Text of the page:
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Title: Tram ride in the rain forest Location: Heredia, Costa Rica
I am still struggling with words to try and describe Friday's trip to you.
Last year, on a 6 hour bus ride form Cuenca to Vilcabamba, Ecuador I tried to describe all the colors of green that I saw along the top of the Andes Mountains. Time to get out the box of crayolas again. Perhaps, a simpler way to put it is a 'day in Oz'.
I had no idea what to expect other than the advertised ' tram ride in the rain forest'. Upon arrival we ( 6 other Spanish students and me) were put on a large van. We drove deep, deep, deep anddown, down, down into the floor of the rainforest. Trust me if the van had broken down, I'd still be walking trying to find my way back. At one point I asked if anyone had brought the bread crumbs!
We were greeted by 2 young guides and shown a film of how the tram was constructed so as not to environmentally damage the rain forest. And interesting line in the film was that the 30 foot high steel poles needed to string the cable were put in place using Sandinista helicopters. Wonder if Reagan knew that.
The tram cars hold six people plus a guide and soar up to 30 feet right into the tree canopy. On this day the sun was shining ( extremely rare, hence the name rain forest). I was eye level with monkey vines, 'broccoli' trees- so called because all their lower branches fall off leaving them looking like, well, broccoli. I was less thatn 2 feet away from a column of ants working their way down 5 meter deep home that they share with 15 million sisters and a few million brothers. Fact: the women do ALL the work. The guys just are used for mating purposed only. Absolutely no comment here.
At one point we were stopped for about 20 minutes. Up ahead we could see some workmen trimming branches. There had been a slight accident that morning, we were told. A woman had leaned out of the tram taking pictures and had been hit by a branch. So workers were now trimming that area to prevent further mishaps. It was completely silent. I was surrounded by ferns as tall as a house, palms 2stories tall. and trees over 100 feet. The ants kept working oblivious to my stares. The sun played in and out of the trees tops making some plants on the floor happy. Mostly, I was stunned by the incredible peace. The 2 other women in my tram were silent. The guide was silent. We all realized that what we were experiencing was a gift.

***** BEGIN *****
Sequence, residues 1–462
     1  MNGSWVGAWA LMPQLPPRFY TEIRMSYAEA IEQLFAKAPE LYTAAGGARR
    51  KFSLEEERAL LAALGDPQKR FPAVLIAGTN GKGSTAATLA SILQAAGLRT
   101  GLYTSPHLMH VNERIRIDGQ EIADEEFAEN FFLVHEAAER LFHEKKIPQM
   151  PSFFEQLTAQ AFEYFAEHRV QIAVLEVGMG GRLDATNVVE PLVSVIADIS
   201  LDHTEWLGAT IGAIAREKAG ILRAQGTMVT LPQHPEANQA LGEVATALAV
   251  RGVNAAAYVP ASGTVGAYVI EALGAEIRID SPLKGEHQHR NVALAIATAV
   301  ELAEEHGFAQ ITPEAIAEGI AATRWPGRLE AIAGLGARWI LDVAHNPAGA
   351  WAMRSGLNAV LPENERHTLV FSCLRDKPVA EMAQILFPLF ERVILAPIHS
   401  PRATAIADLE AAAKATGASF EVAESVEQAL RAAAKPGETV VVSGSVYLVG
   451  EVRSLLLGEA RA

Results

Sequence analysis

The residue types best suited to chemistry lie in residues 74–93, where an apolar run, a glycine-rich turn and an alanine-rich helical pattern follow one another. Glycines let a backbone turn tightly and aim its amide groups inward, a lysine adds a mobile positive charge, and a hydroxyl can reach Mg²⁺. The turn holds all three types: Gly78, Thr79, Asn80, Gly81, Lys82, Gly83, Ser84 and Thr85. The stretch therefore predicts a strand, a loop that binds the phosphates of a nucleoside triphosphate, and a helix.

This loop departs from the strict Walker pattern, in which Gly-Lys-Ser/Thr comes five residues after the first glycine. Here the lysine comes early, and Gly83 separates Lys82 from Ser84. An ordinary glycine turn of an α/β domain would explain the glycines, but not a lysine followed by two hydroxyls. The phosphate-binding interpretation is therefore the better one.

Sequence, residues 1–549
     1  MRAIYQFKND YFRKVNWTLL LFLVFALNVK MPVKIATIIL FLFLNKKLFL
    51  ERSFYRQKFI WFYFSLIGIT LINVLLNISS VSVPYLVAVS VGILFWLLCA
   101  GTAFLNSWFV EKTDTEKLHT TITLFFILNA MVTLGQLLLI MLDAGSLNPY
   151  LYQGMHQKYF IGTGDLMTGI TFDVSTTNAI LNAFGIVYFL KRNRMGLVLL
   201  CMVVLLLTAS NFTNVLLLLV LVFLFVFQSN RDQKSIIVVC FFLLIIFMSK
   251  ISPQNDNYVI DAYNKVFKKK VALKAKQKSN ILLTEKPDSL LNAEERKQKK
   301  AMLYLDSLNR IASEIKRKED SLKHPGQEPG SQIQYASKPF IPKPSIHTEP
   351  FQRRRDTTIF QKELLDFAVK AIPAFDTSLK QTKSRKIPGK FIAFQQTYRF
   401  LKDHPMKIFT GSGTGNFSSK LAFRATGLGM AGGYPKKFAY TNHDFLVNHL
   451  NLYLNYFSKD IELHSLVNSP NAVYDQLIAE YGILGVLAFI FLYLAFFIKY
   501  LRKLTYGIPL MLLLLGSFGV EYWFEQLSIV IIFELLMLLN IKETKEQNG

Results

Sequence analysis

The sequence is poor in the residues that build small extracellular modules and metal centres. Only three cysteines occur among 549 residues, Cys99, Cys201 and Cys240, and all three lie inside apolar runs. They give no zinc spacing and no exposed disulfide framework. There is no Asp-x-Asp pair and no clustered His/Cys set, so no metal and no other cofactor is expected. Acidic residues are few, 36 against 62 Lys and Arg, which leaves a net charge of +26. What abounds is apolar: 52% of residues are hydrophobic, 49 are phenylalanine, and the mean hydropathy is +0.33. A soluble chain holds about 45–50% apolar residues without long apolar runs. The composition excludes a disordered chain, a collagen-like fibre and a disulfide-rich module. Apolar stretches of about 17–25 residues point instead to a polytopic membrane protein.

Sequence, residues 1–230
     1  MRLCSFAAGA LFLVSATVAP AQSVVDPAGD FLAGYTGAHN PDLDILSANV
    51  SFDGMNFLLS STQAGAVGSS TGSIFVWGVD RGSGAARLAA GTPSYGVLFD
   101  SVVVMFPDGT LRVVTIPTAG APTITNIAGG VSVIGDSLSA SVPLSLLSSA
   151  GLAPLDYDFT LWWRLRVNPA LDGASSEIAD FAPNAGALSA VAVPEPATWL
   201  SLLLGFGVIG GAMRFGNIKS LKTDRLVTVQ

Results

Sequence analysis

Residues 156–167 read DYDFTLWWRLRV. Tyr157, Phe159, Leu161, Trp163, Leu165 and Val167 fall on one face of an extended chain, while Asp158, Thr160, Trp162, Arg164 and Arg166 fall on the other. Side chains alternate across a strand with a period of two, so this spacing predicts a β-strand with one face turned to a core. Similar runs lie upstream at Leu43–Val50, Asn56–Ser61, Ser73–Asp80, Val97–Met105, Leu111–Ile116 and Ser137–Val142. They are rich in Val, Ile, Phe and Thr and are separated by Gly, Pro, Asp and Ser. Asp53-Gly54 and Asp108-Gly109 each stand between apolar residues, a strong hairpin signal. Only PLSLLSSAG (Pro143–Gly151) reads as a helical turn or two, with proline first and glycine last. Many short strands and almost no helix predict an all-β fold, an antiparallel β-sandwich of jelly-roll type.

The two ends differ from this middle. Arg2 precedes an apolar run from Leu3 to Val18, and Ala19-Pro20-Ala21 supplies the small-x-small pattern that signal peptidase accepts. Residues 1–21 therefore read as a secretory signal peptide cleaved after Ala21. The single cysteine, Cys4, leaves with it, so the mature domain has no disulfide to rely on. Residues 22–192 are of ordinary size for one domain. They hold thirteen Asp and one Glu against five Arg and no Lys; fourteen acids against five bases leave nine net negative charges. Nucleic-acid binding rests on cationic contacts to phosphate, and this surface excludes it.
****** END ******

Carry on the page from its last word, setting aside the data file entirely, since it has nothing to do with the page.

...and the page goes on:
At some points along the ride the tram dipped to within 3 feet of the forest floor. Pungent moldy odors overwhelmed me as compost was being made to supply nutrients for the plants and trees that don't often see sunlight. Stringers were hanging from many trees. A way, the guide told me, that the trees absorb more water. Later on the ground during a walk through another part of the forest he picked one of the strigners off and passed it around. It smelled like citronella and is used as an insect repellent. He showed us tree bark that is used for diabetes, other plants that are used now a days in modern medicine.
Of course I knew what the rain forest was. I've watched National Geographic specials and the Discovery channel. But nothing prepared me for silence, the smell, the zillion shades of green, and the incredible resource that it is to the world. I'll never think of ' save the rain forest' as just a bumper sticker again. It is resource that the entire world must work to save.